Fast forward 52 years. The King of Spain ordered Pedro Menéndez de Avilés, who was based in the Indies, to establish a settlement on the mainland and destroy Fort Caroline, a French settlement near what is now Jacksonville, Florida. They sighted the coast of Florida on August 28, which is the Feast of St. Augustine, hence the name.

There were skirmishes and things and people died. War is not really my historical . . . jam? This mess was, by the way, all about religion. The French settlement was Protestant and to be Spanish at the time was to be Roman Catholic. Eventually, it looks like all of the men of Fort Caroline except a few with useful skills and those who claimed to still be Roman Catholic, were all killed and all that was left were French women and children, and the Spanish settlement of St. Augustine.

There’s nothing left of the original settlement, which was really disappointing to me when I discovered this in 1989. The fort that’s there, the Castillo de San Marcos, is the oldest masonry fort in the United States, but it dates from 1672, over 100 years after St. Augustine was founded.

The Castillo is made from coquina, which is a really cool kind of limestone where you can still see the shells that make up the stone. Unfortunately, I don’t have any closeup pictures of the coquina (I wonder if Thomas and I took any, not that it would matter, since he has those pictures).

The rest of the buildings in St. Augustine date from then or later, but this historic district is a really pretty little area and was actually kind of how I imagined San Antonio would look. Turns out the La Villita section of San Antonio is kind of similar in feel, but San Antonio in general is kind of suburban feeling.

I need to go back to St. Augustine one of these days if only to take some pictures of my own. Alex will inherit both his dad’s and my pictures someday and I’d like for my descendants to have that record of history.

For today’s Gratuitous Amazon Link, we’re continuing the Avatar: the Last Airbender kick with the first of the comic book sequels, The Promise, by Bryan Konietzko, Michael Dante DiMartino , Gene Luen Yang, and Gurihiru. The war is finally over and now the Gaang have to begin the process of picking up the pieces. Zuko is terrified of turning out like his father and strongarms Aang into promising to kill him if he turns evil. Then Zuko heads out to start to get the Fire Nation out of the Earth Kingdom, a project that turns out to be harder than it originally looked.

Crap. Where Did I Leave Off?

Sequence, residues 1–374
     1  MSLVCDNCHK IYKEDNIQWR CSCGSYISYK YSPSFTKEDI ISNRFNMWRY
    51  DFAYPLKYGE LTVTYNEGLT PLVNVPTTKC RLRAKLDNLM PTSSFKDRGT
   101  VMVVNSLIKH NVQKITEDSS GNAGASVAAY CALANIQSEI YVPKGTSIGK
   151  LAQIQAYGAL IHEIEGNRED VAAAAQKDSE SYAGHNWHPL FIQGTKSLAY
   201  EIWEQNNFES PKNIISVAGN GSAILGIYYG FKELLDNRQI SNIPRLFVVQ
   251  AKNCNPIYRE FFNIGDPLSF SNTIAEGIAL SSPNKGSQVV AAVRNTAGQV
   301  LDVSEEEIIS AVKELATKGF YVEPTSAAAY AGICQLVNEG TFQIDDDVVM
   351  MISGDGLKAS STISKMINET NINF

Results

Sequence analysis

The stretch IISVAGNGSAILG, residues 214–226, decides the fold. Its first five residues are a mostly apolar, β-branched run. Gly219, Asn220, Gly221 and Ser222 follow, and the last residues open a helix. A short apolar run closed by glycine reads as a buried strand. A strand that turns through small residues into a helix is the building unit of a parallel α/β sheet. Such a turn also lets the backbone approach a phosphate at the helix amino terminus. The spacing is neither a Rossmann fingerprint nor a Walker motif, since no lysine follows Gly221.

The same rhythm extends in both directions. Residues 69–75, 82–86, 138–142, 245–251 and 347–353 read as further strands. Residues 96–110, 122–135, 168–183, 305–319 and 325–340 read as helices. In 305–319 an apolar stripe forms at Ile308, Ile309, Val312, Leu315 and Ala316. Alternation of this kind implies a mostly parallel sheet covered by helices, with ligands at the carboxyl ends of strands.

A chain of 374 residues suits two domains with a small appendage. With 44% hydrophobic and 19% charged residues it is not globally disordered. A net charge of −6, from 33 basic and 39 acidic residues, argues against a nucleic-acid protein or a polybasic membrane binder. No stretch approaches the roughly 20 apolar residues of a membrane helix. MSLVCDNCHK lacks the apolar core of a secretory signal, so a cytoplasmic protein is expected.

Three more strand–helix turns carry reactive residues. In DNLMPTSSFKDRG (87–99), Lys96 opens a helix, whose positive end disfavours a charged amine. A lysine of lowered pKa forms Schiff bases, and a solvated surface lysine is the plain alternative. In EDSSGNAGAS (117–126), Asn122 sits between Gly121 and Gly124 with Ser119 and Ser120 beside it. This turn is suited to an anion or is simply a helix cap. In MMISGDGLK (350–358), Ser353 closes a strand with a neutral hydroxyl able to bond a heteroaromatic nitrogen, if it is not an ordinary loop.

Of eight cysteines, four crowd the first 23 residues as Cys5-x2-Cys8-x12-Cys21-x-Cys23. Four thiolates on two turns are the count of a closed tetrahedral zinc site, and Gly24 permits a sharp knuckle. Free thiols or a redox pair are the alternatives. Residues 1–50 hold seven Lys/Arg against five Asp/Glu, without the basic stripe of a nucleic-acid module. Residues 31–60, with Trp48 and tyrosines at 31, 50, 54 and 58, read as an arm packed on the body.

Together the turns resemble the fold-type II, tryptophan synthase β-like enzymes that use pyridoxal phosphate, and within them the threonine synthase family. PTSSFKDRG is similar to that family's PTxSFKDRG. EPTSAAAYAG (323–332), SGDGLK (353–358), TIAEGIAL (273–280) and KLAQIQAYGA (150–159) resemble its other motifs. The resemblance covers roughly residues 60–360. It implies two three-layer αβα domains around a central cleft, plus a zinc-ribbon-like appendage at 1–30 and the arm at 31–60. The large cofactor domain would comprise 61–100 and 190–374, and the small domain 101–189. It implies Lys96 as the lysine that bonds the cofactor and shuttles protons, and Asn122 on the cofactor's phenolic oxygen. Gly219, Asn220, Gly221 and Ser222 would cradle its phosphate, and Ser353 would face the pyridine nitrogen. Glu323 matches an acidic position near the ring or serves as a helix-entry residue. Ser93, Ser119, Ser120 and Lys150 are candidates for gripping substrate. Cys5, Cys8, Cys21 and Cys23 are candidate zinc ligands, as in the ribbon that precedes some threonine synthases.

I want to try for a mini-NaNoWriMo for September. I don’t expect much, since it’s almost September 3 and I’ve written, well, about this much.

I left off on my travel memories sometime in the 1980s and I still have 30-some years to go. I also have been doing a lot of reading this year. Like, right now, Goodreads thinks I’ve read more than 90 books.

I haven’t read more than 90 books, because there are a bunch of books that I don’t ever intend to read again and I got in the habit of flagging them as read on the date that I remembered having read them. This adds quite a few to my book total. I’m slowly moving them to December 31, 2020, so that when I actually finish 2021, I’ll have a correct number and then my numbers for 2021 won’t be thrown off until . . . .

Maybe I should move them farther back. Or, yeah, I’ll just make December 31, 2020 my permanent place to abandon those books and from 2021 on, my book counts will be accurate. We’ll play with that idea at first and see how it goes.

I’m really thinking about taking turns writing about books I’ve really enjoyed (with not-so-gratuitous Amazon links therein) and books that I didn’t enjoy at all (with slightly-more-gratuitous Amazon links).

I think that has potential.

Now where did I leave off on travel memories? I didn’t realize that I had finished our 1988 New York/Philadelphia/Baltimore trip. Woot!

So now I’m on our 1989 trip to Florida. I only did half of this trip with my folks. I drove down to Florida with them, then flew back and stayed at my in-laws’s so that I could spend some time with Thomas.

So it looks like next up is St. Augustine, Florida and then Epcot. Yay!

Gratuitous Amazon Link time! Turns out my Amazon links are a real mess. I don’t even know where I left off. I think I’ve spent more time poring over my Goodreads list to figure out where the heck I am. I seemed to have gone from October of 2020 to . . . oh. I figured it out. I read Solutions and Other Problems in October of 2020 *and* in January of 2021.

So. Back to October 2020. Or, well, November of 2020. In November, I reread a whole bunch of graphic novels and collections of issues of comic books. I need to figure out how to tackle the collections because marching lockstep through Ms. Marvel Volume I, Ms. Marvel Volume 2, . . . doesn’t sound like fun.

So let’s do the beginning of the comic sequels to the Avatar the Last Airbender series. Or, maybe we should start with the Avatar the Last Airbender series and then go from there. This link is for Blu-Ray, but you can get DVDs from a link on that page.

Next up, The Promise comic sequel. Woo!